U.S. Homebuilder Confidence Nosedives In April

Homebuilder confidence in the U.S. saw a record monthly decline in the month of April, according to a report released by the National Association of Home Builders on Wednesday.

The report said the NAHB/Wells Fargo Housing Market Index plummeted to 30 in April after slipping to 72 in March. Economists had expected the index to tumble to 55.

The steep drop reflected the largest single monthly change in the history of the index and marks the lowest builder confidence reading since June 2012.

“This unprecedented drop in builder confidence is due exclusively to the coronavirus outbreak across the nation, as unemployment has skyrocketed and gaps in the supply chain have hampered construction activities,” said NAHB Chairman Dean Mon.

He added, “Home building remains an essential business throughout most of the nation, and as the pandemic shows signs of easing in the weeks ahead, buyers should return to the marketplace.”

The record nosedive by the NAHB’s housing market index reflected steep drops by all three of the component indices.

The index gauging current sales conditions and the gauge charting traffic of prospective buyers both plunged by 43 points to 36 and 13, respectively.

The component measuring sales expectations in the next six months also showed a substantial decrease, plummeting by 39 points to 36.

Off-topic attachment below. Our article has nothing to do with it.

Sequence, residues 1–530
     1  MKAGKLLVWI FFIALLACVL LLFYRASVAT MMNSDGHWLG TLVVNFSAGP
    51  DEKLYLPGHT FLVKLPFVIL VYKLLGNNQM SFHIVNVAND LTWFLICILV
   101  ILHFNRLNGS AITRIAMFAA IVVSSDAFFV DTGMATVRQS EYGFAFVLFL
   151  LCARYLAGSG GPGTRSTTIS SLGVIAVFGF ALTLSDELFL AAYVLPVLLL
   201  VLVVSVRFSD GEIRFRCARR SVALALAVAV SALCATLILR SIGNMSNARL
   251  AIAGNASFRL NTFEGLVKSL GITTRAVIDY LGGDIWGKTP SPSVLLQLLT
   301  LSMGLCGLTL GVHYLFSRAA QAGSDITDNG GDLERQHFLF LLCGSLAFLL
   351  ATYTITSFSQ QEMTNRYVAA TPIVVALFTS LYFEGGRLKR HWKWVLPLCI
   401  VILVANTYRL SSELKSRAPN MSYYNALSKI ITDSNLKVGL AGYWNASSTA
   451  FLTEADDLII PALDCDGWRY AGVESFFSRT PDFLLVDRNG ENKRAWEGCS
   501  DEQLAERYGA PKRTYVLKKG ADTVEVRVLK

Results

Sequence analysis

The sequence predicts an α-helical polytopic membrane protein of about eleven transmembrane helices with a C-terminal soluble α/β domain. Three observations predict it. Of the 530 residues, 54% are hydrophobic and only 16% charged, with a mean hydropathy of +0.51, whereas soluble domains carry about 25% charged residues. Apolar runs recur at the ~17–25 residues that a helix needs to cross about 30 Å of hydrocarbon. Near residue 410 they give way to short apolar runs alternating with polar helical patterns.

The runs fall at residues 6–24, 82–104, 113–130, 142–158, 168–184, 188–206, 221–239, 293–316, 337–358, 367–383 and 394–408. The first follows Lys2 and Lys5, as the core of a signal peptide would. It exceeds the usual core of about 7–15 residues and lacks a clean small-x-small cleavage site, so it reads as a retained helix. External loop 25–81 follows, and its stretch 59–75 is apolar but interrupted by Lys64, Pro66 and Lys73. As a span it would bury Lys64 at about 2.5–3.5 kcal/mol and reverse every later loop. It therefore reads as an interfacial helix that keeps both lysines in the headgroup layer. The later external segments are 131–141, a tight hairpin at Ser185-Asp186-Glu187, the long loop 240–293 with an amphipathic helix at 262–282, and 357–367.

“While the virus is severely disrupting residential construction and the overall economy, the need and demand for housing remains acute,” said NAHB Chief Economist Robert Dietz.

He added, “As social distancing and other mitigation efforts show signs of easing this health crisis, we expect that housing will play its traditional role of helping to lead the economy out of a recession later in 2020.”

On Thursday, the Commerce Department is scheduled to release a separate report on new residential construction in the month of March.

Housing starts are expected to drop to an annual rate of 1.350 million in March from 1.599 million in February, while building permits are expected to slump to a rate of 1.300 million from 1.464 million.

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